Transportation Law Update

Transportation Law Update, Sept. 2014 — New Jersey: Loading and Unloading Doctrine, Part II

NEW JERSEY: Loading and Unloading Doctrine, Part II
By James R. Callan


There have been numerous instances of third-parties seeking defense and indemnification under a truck’s liability policy merely because the injured claimant sustained injury while the truck was being loaded or unloaded.  In a recent appeal we defended, New Jersey’s Appellate Division affirmed that the fortuity of ongoing loading and unloading operations involving a truck at the time of an accident is insufficient to trigger the statutory obligation to provide coverage to permissive users of the vehicle under New Jersey’s “loading and unloading doctrine.”  Rather, the negligence causing the injury must have arisen out of the use of the truck.

New Jersey’s “loading and unloading” doctrine is a judicial extension of the statutory omnibus liability coverage required in all auto liability policies for permissive users of a vehicle.  Unfortunately, the public policy underlying the doctrine has frequently been misconstrued to suggest that any third party remotely related to a commercial motor vehicle being loaded or unloaded is entitled to liability coverage if they are named as a defendant in a lawsuit arising from an accident.
  
In this case, the negligence alleged in the injured party’s underlying Complaint below was that the loading dock owner failed to replace a loading dock plate which had been “missing for years.”  Thus, the premises liability claim arose out of the alleged negligence of the loading dock owner, and did not arise out of negligence in the loading or unloading of the truck.  The injury did not result from a dangerous condition within the truck or from misloaded freight, for example.  Rather, the alleged dangerous condition existed at the loading dock long before the insured’s truck arrived.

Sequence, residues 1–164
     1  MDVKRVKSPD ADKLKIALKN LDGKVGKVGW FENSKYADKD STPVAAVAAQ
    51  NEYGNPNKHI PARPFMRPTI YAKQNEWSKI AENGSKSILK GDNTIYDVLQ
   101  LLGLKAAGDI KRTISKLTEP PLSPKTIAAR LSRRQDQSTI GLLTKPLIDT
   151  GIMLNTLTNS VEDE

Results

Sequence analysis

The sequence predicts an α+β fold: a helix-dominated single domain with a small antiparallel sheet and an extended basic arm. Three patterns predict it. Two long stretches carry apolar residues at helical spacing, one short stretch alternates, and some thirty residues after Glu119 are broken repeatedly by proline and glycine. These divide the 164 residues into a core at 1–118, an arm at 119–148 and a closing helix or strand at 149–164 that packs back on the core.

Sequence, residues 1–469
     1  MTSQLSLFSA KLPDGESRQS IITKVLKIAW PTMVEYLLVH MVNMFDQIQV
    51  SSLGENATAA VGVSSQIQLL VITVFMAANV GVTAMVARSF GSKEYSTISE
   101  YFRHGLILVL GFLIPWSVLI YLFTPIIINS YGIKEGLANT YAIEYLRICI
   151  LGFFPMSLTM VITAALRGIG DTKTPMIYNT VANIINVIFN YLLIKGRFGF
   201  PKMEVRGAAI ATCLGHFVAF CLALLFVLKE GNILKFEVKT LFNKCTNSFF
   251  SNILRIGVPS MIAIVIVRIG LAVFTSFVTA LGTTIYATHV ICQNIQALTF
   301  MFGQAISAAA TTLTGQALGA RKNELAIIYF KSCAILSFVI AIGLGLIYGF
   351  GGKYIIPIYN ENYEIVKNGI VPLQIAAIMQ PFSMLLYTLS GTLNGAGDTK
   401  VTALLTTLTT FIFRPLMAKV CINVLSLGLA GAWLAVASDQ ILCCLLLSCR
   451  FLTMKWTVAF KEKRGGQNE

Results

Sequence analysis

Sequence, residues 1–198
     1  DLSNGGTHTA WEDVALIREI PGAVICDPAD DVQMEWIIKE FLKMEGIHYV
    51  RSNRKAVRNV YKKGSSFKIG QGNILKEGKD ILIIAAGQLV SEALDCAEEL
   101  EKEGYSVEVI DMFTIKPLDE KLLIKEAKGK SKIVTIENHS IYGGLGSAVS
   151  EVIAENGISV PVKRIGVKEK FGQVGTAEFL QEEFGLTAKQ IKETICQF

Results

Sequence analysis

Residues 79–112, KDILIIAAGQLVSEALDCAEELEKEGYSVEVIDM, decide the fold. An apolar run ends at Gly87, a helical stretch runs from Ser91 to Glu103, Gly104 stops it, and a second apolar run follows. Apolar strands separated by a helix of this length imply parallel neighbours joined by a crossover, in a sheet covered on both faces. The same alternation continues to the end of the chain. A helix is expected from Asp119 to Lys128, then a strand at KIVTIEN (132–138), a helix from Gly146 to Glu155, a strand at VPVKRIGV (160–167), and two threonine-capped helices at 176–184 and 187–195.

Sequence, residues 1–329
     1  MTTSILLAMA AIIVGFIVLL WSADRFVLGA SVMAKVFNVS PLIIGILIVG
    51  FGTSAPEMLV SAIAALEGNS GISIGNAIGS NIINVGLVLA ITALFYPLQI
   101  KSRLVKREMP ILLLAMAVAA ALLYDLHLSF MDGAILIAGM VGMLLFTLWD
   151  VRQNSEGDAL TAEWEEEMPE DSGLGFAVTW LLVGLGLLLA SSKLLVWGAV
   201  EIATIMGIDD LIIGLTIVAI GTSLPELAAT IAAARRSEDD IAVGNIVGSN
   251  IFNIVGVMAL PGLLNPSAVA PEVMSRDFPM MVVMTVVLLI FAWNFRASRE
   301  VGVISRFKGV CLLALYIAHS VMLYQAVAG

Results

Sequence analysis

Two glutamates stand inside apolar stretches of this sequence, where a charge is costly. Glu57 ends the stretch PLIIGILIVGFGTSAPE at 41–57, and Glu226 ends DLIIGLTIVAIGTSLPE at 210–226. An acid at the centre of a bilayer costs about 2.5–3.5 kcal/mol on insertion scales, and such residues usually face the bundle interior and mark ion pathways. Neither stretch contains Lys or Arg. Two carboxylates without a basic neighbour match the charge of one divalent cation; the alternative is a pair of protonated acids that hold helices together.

In a subsequent declaratory judgment action, the loading dock owner demanded liability coverage under a liability policy issued to our client’s insured trucking company.  Our argument below in support of summary judgment for the insurer and the trucking company was that the negligence which allegedly caused the underlying plaintiff’s injury was unrelated to the ownership, maintenance or use of the insured’s truck.  In fact, the underlying plaintiff did not name the trucking company as a defendant or allege that his injury had any causal relationship with our insured’s truck.  The accident admittedly occurred on a loading dock during loading and unloading operations.  However, contrary to a widely held misconception, the occurrence of an accident during loading and unloading operations does not mandate liability coverage for permissive users unless the negligence itself arose out of the loading or unloading operations.

Following our clients’ successful Motion for Summary Judgment (see Transportation Law Update, Volume 14, Number 2: New Jersey, Loading and Unloading Doctrine),  the plaintiff loading dock owner chose to appeal the decision to the New Jersey Superior Court, Appellate Division.  The Appellate Division affirmed the decision of the Superior Court of Bergen County in favor of the trucking company and its insurer, declaring that they had no obligation to defend or indemnify the loading dock owner under the truck’s liability policy.  In its decision, the Appellate Division noted that the trucking company was not a defendant in the underlying action, and that the loading dock owner had not named the trucking company as a third-party defendant before commencing the declaratory judgment action for coverage under the trucking company’s liability policy.

New Jersey’s Appellate Division has once again affirmed that the mere presence of a truck during loading and unloading operations is insufficient to invoke coverage under a trucker’s policy to defend and indemnify permissive users.  It does not matter that the accident arose during loading and unloading.  Rather, the negligence must have arisen out of the loading and unloading operations.

Burlington Coat Factory of New Jersey, LLC, v. VJF Delivery Service and National Specialty Insurance Company, Superior Court of New Jersey, Appellate Division, Docket No. A-3611-12T3

  TLUV15N6.pdf